I was wrong. This is the largest 152-page book I’ve ever read. In fact, I wrote more notes for this book than I did for a 500-plus page book I reviewed in 2015.

 The book’s title is straight-forward: Maxfield uses the Roman alphabet as a way to educate the reader about autism acceptance from an autistic person’s point of view, while interlacing…

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Why Belittling Self-Advocates Hurts Autistic People of All Ages and Abilities

Maxfield Sparrow unstrangemind.com [image: Screenshot of Inigo Montoya and Vizzini from the movie The Princess Bride, with white overlaid block text reading, “You keep using that word. I do not think it means what you think it means.] Last week, the San Francisco Autism Society of America (SFASA) held its 16th annual conference at Stanford University. In her opening comments, Jill Escher, the president of SFASA, went through a few words and phrases, claiming to “defuse some autism vocabulary stinkbombs.” I disagree with so much of what she said about … well, about pretty much everything she talked about. But I want to focus in on one word that I feel she completely misrepresented on so many levels that it was mind-boggling: Self-advocate Escher chose to show a 20 second video clip of her son to the audience, to illustrate her lack of understanding of the meaning and expression of…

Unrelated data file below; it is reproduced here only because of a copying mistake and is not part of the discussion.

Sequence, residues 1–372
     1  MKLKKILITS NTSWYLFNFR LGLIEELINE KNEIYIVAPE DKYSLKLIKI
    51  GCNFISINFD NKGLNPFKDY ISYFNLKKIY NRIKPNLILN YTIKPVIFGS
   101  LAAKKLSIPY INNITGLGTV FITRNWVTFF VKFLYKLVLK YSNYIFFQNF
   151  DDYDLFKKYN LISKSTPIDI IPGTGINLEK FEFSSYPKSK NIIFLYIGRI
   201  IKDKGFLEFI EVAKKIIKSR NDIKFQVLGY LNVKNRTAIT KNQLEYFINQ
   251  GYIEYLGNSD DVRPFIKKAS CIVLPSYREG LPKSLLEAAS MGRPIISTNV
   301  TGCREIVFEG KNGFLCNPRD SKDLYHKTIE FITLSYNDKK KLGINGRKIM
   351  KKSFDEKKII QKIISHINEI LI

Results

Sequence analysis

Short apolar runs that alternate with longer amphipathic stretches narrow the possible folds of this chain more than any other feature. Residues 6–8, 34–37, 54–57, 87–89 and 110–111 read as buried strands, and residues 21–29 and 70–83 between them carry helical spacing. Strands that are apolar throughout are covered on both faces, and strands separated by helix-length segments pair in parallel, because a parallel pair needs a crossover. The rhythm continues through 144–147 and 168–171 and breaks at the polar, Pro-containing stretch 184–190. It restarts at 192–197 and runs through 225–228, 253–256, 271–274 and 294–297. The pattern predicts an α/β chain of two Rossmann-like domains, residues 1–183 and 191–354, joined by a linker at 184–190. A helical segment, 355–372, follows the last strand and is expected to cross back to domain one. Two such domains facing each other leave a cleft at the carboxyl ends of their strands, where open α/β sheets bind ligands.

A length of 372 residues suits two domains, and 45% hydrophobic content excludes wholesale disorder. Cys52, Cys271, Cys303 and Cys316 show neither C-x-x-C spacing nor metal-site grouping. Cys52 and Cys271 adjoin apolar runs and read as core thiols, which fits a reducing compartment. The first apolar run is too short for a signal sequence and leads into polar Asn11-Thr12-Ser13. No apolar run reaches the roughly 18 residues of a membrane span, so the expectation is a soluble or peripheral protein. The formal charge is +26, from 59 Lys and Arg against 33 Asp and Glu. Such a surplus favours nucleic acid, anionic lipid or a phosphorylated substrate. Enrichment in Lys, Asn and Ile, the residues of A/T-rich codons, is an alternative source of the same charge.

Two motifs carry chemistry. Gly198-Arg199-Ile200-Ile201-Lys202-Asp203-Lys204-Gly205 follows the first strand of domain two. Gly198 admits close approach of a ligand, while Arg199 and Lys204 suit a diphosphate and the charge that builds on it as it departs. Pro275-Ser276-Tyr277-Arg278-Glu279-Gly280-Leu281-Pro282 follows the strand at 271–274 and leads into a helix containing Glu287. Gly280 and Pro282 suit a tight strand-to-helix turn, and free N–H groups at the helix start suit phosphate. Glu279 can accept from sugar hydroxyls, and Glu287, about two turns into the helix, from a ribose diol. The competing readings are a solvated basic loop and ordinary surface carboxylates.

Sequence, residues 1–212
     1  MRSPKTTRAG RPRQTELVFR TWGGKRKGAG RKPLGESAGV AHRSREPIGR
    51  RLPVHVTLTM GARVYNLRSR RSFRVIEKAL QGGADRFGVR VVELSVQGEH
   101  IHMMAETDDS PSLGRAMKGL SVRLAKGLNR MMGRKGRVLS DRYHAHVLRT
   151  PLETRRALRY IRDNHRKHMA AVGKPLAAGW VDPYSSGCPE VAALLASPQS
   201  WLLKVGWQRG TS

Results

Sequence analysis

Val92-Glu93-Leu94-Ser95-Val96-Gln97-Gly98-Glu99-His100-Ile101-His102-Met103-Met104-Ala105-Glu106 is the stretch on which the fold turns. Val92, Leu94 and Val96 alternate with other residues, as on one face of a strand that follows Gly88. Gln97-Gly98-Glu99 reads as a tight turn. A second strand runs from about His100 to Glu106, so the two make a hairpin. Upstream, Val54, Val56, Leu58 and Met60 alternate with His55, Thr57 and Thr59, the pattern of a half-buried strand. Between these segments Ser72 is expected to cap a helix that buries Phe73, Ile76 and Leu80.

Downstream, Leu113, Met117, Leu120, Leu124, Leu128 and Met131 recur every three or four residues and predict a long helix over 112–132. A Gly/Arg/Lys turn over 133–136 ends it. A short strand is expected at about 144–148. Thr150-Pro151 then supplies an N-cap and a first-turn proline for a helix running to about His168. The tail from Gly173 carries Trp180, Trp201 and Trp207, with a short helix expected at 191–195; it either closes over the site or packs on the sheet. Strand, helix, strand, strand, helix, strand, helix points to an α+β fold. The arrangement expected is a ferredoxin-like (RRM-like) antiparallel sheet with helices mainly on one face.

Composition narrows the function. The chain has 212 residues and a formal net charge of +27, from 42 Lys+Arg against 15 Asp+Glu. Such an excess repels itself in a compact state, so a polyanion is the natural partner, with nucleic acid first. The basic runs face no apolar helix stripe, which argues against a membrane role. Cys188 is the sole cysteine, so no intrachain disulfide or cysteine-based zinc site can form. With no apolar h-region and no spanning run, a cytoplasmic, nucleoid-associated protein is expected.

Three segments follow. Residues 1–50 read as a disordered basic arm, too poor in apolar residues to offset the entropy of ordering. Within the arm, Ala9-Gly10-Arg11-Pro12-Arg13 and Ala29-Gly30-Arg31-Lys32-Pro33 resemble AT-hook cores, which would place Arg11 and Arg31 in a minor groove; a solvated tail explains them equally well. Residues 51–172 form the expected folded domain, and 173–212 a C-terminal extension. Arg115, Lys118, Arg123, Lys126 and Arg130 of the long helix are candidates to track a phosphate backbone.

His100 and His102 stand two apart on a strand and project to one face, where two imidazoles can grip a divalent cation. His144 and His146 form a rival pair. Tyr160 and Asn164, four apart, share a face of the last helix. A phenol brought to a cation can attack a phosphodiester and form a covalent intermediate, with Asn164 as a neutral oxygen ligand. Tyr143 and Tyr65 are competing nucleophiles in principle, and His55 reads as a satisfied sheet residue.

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Autistic Inertia: An Overview

Maxfield Sparrow unstrangemind.com Image description: a photo of the Mason Dixon line from about 20 miles away, taken by Sparrow Rose Jones at the Maryland/Pennsylvania border near Clear Spring, Maryland on October 4, 2016 I was talking with my boyfriend yesterday about autistic inertia. I was describing how it affects me and bemoaning the fact that it’s so clearly a real thing that exists but I never see researchers or educators talking about it — just us Autistics. We know it exists, we know it’s a real thing, but it’s not in the official literature and no one is researching it. After I described it a bit, my boyfriend remarked upon how similar it sounds to what people with Parkinson’s experience. Upon reflection, that didn’t surprise me too much since Parkinson’s is linked to dopamine and I’ve read autism research that talks about irregularities in dopamine and seratonin in the…